Measuring software complexity

When asked for estimates, you usually don’t have much more than your gut feeling to go on. You just know that this one thing is going to take longer because it’s more fragile than that other thing. But why is that?

People much smarter than me have researched this subject and there are good ways of measuring how complex a piece of code is.

Measure twice, cut once

The adage also holds true for software development: you want your code to be robust before it hits production, where malfunctioning code may incur costs. And if we’re on the wrong track, we’ll want to know as soon as possible.

There are a lot of techniques to help, like:

  • unit or integration testing
  • manual code review
  • static analysis

Static analysis is an automated analysis of your software and there are a lot of applications: lint will catch syntax errors, CodeSniffer finds coding convention violations and Mess Detector will warn about a wide variety of rules, some of which include software metrics.

Software metrics are the computer science’s attempt to make software measurable and complexity can be measured in a few different ways.

Complex code usually means either the problem it’s solving is complicated, or that the code is of poor quality. We’re likely to see bugs in both cases. And complex code is harder to reason about, so it’ll be harder to maintain.

Cyclomatic complexity

One way of measuring complexity is by analyzing the control flow: whenever the program can take a different path depending on the input, it becomes more complex.

if ($user->isLoggedIn()) {
    echo 'Welcome back, ' . $user->getName();
} else {
    echo 'Hi there, stranger!';
}

In the above code example, there are 2 possible code paths: either $user is logged in (in which case a personalized text is displayed), or isn’t (and a generic message is shown). It has a cyclomatic complexity of 2.

The more decision paths there are, the harder it becomes to reason about the logic & test it.

Halstead intelligent content

Instead of decision paths, Halstead’s measures are based on the vocabulary of your software: all operators (+, -, =, &&, … and all reserved words, like if and for) and operands (values, variables & function names).

The exact formula to calculate this metric is quite complex because it tries to be programming language independent, and some languages are much more verbose than others.

But the basics are very simple: the more operators and operands, the more complex a program is:

echo 'How are you';
$array = ['how', 'are', 'you'];
$string = implode(' ', $array);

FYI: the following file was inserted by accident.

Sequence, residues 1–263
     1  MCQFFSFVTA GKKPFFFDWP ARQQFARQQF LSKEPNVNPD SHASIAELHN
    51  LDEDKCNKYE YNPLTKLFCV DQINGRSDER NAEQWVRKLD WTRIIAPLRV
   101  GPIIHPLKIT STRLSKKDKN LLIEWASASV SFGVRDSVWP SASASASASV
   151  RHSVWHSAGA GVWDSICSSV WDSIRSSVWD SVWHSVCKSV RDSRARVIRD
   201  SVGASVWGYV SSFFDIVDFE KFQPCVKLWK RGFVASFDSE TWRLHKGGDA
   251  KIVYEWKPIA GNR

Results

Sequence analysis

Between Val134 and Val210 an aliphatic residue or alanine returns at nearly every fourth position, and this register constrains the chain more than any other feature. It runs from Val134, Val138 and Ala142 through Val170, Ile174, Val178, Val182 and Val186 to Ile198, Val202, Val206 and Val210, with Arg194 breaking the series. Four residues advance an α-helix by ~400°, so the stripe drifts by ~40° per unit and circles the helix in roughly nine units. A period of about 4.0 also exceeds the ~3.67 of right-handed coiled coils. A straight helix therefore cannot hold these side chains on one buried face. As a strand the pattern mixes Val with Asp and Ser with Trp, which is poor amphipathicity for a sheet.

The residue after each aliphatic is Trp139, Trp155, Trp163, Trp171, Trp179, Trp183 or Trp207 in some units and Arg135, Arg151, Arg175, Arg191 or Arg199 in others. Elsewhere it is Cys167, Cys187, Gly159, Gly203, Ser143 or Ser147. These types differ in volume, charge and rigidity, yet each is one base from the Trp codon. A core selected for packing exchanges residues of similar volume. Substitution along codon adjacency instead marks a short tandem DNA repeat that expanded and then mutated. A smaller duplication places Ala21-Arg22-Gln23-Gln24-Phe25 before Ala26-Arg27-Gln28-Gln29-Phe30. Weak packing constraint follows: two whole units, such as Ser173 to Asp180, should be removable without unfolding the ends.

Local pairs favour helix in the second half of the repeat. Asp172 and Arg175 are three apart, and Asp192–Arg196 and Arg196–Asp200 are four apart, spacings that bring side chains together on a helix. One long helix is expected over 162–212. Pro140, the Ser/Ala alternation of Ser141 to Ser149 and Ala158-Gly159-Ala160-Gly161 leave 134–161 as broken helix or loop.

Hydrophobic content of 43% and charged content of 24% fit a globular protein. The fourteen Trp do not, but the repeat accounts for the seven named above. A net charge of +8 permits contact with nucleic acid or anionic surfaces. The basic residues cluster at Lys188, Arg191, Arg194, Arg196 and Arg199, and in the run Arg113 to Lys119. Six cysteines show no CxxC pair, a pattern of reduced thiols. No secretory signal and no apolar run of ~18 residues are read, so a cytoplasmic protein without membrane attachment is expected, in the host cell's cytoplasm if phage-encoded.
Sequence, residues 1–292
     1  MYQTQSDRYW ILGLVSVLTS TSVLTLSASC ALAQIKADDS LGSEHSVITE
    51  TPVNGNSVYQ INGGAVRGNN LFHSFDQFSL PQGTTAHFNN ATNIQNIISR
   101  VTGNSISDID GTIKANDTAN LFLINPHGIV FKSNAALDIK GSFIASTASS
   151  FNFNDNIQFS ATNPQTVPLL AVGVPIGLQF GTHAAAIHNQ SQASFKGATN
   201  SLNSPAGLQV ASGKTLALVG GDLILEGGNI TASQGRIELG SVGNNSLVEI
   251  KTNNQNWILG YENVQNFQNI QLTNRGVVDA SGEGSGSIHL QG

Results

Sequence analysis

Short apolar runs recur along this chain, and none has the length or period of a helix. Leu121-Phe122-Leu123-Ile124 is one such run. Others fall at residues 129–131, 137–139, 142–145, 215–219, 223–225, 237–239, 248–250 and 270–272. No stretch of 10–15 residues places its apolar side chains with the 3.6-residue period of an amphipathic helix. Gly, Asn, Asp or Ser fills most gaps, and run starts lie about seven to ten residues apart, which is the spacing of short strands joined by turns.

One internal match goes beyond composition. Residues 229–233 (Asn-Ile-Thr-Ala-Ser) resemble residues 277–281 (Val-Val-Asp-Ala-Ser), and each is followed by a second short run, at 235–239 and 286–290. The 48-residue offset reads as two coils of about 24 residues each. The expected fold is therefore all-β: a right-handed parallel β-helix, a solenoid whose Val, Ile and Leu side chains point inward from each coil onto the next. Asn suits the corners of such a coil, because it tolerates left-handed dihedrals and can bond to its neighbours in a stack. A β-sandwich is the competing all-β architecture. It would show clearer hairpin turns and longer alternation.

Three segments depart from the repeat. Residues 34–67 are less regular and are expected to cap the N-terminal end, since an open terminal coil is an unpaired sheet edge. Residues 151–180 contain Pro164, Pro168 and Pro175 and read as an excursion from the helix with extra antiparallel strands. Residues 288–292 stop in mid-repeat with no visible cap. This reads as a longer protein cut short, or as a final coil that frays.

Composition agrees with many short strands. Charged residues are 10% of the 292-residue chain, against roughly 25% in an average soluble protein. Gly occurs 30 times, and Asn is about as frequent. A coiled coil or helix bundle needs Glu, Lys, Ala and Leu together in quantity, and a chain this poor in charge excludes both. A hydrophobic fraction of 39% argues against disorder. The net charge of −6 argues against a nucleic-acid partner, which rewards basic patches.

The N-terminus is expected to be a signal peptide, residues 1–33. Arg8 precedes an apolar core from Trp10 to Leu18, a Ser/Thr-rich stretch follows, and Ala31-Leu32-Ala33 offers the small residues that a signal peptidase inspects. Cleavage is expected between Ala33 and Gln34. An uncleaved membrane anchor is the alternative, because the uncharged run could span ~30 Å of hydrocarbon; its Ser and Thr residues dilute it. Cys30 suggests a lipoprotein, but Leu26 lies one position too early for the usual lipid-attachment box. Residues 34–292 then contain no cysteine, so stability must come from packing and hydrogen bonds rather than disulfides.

$string = ucfirst($string);
echo $string;

Both of the above snippets perform the exact same thing, but the second one is a bit more complex:

  • you have to know more about the environment (what do implode & ucfirst do)
  • there are more steps to reason about
  • there are more places where something could go wrong (e.g. implode argument order could change)

Maintainability index

A very long function can have a very low cyclomatic complexity, but still be very complex because it still does a lot of things. And if one of those is flawed, it can affect everything that follows.

Just look at these metrics for Minify. Even though in terms of cyclomatic complexity, stripWhitespace (circled) scores low, it’s still a pretty complex beast (just look at the code!).

Minify complexity metrics

On the other hand, a function with a huge switch statement could have little intelligent content, but a very big cyclomatic complexity.

The maintainability index is a combination of the amount of lines of code and these 2 complexity metrics in an attempt to predict how hard software is to maintain. The exact formula seems arbitrary: it was engineered to match ratings of manual analysis of software in the 80s.

A low maintainability index is a clear indicator of worrisome code. If you’re going to build something that touches that code, it’s likely going to take longer, with a much greater likelihood of bugs. Code with a high maintainability index is in dire need of refactoring.

If you’re interested in finding the complexity hotspots in your projects, head on to Cauditor, a code metrics visualization project I’ve been working on. Or run the PDepend suite if you’re only interested in the raw metrics.

Just note that complex code doesn’t necessarily mean bad code! It could also be solving a very hard problem that you might not even be able to simplify.

This post is on GitHub. If you spot any errors, please send me a pull request (& credit yourself!)